(Not to wax too political about this, but it was like someone exposed to "Big Gov't" all their life, suddenly being exposed to "Libertarianism". Of course, even a computer powered by a libertarian OS still needs Control Functions and Garbage Collection.)
 

pauldun170

Diamond Member
Sep 26, 2011
8,365
3,841
136
Everyone in our district got chromebooks, rich and poor.
When accepting a school issued device where that device is district property you would have to be a complete fucking moron to NOT expect that every activity is monitored and the device is restricted to school activities.
Remote learning programs were hastily implemented and there was a huge learning curve for all involved.
The articles approach to link monitoring of school issued devices to economic and racial issues seems weak in my opinion. On quick read I had plenty of problems with the attempted arguments.
 

Red Squirrel

No Lifer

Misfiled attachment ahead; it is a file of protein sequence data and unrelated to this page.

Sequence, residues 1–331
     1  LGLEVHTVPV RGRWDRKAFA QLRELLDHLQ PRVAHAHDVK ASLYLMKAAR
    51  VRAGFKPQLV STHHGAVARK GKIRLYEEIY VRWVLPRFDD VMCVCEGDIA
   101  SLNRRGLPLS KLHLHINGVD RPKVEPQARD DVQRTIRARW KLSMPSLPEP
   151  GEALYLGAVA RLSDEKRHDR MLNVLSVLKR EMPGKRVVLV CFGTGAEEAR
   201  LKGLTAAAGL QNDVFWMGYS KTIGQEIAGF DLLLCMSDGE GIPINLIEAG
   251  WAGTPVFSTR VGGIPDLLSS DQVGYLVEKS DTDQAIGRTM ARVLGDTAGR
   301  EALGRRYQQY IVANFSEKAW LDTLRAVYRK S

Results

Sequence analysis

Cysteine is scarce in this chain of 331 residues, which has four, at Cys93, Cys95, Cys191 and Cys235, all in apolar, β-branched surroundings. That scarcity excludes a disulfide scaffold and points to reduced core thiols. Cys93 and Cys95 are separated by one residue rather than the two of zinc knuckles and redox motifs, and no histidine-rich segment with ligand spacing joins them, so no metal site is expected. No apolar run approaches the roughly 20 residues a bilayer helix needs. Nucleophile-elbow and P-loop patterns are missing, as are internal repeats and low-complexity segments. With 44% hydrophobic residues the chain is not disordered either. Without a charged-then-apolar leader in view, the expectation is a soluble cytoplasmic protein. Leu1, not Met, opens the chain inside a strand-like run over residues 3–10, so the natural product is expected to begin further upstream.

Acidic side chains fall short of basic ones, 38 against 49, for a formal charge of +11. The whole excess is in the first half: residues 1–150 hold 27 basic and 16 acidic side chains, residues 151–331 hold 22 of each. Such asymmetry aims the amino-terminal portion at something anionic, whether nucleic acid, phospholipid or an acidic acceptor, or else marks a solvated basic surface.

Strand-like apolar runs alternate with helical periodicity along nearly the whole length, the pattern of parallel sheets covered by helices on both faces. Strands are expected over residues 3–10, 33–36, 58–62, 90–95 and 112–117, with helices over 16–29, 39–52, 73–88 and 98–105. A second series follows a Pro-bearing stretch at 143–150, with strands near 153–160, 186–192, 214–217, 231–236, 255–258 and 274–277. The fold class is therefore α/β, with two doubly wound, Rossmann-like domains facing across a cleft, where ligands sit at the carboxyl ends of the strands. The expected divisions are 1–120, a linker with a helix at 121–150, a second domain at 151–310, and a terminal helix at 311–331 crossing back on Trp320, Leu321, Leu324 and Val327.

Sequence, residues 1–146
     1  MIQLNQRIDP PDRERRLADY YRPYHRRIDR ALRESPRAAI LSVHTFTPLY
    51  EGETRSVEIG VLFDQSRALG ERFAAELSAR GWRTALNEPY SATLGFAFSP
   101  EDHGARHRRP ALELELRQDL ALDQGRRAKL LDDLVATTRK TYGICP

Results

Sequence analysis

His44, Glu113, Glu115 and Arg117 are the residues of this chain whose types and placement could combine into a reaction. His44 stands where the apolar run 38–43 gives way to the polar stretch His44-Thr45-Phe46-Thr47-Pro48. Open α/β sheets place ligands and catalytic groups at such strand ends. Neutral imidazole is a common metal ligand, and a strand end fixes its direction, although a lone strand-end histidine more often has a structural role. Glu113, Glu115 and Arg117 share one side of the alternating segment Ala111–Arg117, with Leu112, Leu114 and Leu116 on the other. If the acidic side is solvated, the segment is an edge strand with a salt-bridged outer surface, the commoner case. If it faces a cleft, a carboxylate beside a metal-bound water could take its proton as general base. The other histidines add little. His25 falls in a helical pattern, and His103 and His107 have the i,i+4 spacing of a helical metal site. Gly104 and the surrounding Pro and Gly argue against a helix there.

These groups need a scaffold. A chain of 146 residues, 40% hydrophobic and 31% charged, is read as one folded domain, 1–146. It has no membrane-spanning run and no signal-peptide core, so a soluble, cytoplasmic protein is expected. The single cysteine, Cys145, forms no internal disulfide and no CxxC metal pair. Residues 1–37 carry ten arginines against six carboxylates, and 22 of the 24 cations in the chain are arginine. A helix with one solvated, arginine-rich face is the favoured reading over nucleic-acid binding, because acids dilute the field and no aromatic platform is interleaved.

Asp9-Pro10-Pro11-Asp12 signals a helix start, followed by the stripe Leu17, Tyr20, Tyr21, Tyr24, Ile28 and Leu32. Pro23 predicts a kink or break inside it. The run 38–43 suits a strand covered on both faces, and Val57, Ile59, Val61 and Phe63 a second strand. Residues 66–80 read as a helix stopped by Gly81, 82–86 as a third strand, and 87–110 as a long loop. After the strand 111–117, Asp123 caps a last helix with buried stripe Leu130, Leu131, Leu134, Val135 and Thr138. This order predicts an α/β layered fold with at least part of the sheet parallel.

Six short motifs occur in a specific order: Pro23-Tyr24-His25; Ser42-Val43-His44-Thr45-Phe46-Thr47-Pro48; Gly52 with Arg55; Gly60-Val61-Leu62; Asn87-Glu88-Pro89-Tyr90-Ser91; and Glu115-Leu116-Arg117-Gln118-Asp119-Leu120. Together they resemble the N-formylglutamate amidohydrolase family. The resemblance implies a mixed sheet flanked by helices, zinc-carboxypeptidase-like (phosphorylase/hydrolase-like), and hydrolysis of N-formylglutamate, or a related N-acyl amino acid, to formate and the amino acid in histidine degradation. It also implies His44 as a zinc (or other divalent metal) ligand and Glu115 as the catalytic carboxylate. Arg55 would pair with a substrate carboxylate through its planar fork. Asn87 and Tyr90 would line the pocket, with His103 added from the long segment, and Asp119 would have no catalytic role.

May 24, 2003
61,135
9,188
126
www.uovalor.com
I seen some pretty crazy stories of just how bad the surveillance is for students in the states. They're basically treated like prisoners in their own room by the technology. You actually have less privacy working from home than in the class room. It's not just the privacy issue that's bad but the weird arbitrary rules that are enforced by the AI. You're walking on eggshells all day to avoid triggering the AI and getting in trouble. There's lot of rules like your eyes can never leave the screen and other movement related rules. Imagine staring at a screen for 8 hours straight, without even being able to glance outside or anything. That's basically what they do as the special software they are forced to install tracks their eye movements too. I don't think anyone is allowed in the same room either, which could be hard for multi kid families where not everyone even has their own room. I don't think it's as bad here in Canada but either way hearing this stuff makes me so glad I'm done with school. Also makes me glad my company is reasonable about letting us working from home and is not into full blown surveillance.